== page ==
Portoferraio on the Island of Elba, Italy
Friday, September 28th
"Eh, mon ile est bien petit." Napoleon thought Elba a "very small" island upon his arrival.
But as we sailed into the harbor, we found this beautiful island much larger than expected. Because Napoleon found it too confining, I just imagined it to be smaller. I suppose when one has ruled most of Europe, it does seem rather petit. Anyway, he could take it for only nine months before he headed back to try to reclaim France.
As usual, we walked up and down the hills, taking in the views of the town, bay and sea from many angles. Once you get away from the drab area where the Star Clipper and the ferries dock, the harbor becomes livelier and more attractive, especially at the old port on the promontory. Through the fortified gateway is the old town, which remains today the center of town. We walked up to the old Medici fort high above the old town where there is a lighthouse and wonderful views of the bay and the sea.
From the fort we walked a short distance to the Villa dei Mulini, Napoleon's principal residence on the island. He transformed two old windmills into a single stone house, which still houses his library. It is a modest house with a nice terraced garden overlooking the sea where he set up a telescope to look for sails. I don't know what he saw on a typical day, but today, one could see ferries, sailboats, yachts, a kayak, and Italian navy training ships, including the sailing ships Amerigo Vespucci and Palinuro. Many vessels on an absolutely spectacular sailing day. I could be quite satisfied living on Elba in retirement. Don't know why Bonaparte wasn't happy here but then, I don't have a Napoleonic complex.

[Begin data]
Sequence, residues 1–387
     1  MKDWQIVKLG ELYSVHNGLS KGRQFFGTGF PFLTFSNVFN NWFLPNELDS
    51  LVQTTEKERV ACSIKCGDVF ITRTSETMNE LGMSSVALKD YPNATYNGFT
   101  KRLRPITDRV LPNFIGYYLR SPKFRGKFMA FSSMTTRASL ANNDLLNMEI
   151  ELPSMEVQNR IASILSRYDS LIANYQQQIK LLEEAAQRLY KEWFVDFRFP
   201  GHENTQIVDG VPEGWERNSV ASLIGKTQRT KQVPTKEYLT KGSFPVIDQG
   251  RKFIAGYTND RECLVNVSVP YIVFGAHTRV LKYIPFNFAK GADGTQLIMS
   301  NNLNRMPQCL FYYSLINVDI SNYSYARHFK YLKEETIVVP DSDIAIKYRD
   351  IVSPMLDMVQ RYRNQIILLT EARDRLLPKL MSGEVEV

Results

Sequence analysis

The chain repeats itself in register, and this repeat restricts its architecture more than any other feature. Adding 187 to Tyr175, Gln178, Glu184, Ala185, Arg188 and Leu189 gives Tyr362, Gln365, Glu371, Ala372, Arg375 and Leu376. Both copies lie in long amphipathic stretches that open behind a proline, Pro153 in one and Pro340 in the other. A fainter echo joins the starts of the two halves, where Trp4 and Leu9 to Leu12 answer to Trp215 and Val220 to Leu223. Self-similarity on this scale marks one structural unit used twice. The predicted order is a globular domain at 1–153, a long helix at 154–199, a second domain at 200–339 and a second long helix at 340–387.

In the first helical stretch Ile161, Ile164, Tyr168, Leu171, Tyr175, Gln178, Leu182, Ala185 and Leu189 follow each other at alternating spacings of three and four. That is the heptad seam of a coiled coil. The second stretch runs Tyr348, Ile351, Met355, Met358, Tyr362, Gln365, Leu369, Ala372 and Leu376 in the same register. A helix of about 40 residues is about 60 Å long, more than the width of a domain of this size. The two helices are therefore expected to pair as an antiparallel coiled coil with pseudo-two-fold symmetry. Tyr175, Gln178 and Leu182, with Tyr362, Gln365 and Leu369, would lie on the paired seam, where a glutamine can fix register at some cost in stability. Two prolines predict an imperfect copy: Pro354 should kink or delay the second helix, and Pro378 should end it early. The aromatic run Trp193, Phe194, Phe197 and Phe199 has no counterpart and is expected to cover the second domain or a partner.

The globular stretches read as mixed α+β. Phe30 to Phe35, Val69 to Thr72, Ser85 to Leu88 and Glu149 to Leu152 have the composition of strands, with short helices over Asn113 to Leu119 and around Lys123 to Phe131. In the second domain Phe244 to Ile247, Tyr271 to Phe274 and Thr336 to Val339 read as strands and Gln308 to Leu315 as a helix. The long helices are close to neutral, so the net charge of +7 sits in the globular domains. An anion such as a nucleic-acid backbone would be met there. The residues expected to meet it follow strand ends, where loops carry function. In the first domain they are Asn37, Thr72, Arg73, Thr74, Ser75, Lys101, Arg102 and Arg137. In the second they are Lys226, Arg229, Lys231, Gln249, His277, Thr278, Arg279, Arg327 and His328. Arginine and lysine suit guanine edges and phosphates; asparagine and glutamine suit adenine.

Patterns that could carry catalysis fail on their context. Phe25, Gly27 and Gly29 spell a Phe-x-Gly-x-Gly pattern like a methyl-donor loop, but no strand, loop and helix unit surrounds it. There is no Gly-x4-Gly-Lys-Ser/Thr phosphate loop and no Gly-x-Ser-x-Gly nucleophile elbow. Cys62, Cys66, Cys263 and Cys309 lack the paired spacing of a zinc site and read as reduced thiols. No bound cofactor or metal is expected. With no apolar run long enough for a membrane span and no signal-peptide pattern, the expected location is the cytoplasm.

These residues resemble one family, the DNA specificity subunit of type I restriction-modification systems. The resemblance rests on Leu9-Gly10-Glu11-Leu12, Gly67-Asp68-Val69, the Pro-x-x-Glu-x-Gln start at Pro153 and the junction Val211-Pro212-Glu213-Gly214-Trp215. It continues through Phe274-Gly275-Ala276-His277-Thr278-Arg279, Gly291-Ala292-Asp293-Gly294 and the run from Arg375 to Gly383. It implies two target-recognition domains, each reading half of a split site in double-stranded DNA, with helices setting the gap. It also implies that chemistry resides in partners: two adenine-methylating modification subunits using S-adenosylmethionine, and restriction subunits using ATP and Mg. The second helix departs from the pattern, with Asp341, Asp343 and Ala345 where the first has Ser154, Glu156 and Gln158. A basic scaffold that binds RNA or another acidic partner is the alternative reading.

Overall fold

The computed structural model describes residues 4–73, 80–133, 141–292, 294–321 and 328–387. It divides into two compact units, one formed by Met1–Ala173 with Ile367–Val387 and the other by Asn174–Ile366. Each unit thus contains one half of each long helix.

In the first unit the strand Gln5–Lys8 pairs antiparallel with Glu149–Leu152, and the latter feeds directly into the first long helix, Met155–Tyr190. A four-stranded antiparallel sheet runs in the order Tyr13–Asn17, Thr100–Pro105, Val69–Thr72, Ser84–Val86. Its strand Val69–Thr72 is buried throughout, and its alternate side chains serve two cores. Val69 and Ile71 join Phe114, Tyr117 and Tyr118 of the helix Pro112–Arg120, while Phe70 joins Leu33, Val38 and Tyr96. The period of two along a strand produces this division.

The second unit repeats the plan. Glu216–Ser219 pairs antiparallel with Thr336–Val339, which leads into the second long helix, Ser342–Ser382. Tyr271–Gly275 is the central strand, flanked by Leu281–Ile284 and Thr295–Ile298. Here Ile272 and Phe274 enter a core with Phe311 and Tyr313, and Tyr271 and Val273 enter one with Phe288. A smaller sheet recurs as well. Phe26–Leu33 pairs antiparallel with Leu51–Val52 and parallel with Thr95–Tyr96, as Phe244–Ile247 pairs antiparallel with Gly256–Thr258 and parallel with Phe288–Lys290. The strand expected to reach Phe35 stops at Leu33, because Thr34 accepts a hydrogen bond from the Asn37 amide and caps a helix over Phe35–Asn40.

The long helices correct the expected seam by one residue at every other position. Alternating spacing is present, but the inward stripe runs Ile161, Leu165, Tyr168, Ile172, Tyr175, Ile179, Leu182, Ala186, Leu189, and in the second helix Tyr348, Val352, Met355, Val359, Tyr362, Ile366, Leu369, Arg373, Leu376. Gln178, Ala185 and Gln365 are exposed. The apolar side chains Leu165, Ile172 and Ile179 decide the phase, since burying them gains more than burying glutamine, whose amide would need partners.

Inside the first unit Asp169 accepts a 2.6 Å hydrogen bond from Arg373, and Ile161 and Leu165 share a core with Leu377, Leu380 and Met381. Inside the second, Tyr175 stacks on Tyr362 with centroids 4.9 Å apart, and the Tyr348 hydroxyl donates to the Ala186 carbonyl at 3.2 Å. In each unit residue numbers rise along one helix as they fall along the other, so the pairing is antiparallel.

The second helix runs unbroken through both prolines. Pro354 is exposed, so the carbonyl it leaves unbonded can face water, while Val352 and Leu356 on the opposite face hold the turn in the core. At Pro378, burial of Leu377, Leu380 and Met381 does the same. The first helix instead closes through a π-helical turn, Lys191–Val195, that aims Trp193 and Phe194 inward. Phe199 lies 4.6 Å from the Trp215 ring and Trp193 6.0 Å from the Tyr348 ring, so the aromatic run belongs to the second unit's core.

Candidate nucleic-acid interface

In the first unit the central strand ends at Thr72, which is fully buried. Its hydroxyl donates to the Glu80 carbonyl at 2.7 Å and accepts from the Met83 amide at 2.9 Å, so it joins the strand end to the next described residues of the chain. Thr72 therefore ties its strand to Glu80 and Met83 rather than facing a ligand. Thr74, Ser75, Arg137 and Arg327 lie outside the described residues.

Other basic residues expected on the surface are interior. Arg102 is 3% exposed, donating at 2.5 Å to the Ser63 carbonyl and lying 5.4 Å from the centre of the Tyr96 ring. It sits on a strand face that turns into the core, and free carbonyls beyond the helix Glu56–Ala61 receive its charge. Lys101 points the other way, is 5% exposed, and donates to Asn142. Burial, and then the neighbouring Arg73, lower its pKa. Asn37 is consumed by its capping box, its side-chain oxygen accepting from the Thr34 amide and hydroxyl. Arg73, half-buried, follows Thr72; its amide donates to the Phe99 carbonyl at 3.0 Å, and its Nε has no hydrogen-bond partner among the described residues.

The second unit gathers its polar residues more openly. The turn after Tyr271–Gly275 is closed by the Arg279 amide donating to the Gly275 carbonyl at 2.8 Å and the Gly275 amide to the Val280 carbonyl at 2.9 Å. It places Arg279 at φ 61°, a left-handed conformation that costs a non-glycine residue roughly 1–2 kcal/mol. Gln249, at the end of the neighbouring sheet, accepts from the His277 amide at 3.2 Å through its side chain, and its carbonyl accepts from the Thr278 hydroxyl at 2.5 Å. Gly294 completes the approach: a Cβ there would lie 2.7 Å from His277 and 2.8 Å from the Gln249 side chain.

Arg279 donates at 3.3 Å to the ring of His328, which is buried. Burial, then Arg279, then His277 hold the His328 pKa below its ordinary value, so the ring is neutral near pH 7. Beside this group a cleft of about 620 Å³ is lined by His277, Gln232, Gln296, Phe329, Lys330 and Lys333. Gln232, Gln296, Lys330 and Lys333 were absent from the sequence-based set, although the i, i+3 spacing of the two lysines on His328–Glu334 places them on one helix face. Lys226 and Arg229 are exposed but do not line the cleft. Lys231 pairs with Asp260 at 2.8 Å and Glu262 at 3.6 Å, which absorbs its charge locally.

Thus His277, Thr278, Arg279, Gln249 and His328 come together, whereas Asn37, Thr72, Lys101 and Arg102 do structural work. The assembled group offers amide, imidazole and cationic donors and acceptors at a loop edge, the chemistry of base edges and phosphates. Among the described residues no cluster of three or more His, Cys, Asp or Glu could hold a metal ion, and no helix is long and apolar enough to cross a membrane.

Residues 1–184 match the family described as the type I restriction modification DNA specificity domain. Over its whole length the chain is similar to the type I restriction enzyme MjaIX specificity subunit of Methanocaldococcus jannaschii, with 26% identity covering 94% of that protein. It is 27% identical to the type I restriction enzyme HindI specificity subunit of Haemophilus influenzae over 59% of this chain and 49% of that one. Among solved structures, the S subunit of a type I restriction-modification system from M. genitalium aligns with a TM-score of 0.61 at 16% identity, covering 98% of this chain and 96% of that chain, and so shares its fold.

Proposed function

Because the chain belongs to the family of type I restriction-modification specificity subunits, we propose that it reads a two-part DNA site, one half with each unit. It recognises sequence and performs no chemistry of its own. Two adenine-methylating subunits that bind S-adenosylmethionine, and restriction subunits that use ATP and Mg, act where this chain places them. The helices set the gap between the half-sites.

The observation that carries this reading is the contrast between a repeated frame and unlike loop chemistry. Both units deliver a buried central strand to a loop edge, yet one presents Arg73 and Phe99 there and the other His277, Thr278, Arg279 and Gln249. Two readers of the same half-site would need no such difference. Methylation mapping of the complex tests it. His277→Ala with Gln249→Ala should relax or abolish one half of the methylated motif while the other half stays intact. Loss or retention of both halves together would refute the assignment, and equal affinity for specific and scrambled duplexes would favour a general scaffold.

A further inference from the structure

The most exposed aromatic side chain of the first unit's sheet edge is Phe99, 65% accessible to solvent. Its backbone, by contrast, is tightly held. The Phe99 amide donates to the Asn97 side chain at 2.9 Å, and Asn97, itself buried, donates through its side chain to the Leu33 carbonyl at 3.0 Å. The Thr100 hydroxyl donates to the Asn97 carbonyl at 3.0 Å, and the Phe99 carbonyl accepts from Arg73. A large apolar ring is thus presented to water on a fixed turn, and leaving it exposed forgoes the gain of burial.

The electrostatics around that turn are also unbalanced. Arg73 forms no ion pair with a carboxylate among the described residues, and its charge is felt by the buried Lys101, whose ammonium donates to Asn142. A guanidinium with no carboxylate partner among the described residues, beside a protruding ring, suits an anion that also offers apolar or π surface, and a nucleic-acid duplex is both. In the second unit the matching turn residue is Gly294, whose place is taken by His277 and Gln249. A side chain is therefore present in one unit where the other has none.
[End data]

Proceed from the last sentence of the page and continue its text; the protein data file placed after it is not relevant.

The island is big enough for several days of walking but we remained in the area of the town itself. After a late lunch, we boarded the Star Clipper. As we left port, the captain swung the ship very close to the Amerigo Vespucci and we got a close-up look at the Italian sailors.
This was our last day and we hadn't had a "photo tender" yet, so Al asked Dariuz, the first officer, if we could have one today. No sooner asked than the tender was in the water and the photo bugs were snapping to their hearts content. Even without a camera, I hopped on board and was able to see the ship with all sails up, just as others might see us going by. A wonderful scene.
As usual, Friday night is the Captain's Dinner, a great feast topped off with the waiters' conga line as they bring in the Baked Alaska. Others of the ship's crew sang their version of "We Are the World" as each held a tiny flag of their native land. The captain said a few words and we ended our last evening on the ship by spending some quiet time on deck as the ship glided quietly under a nearly full moon.
Portoferraio Photo Album
Napolean on Elba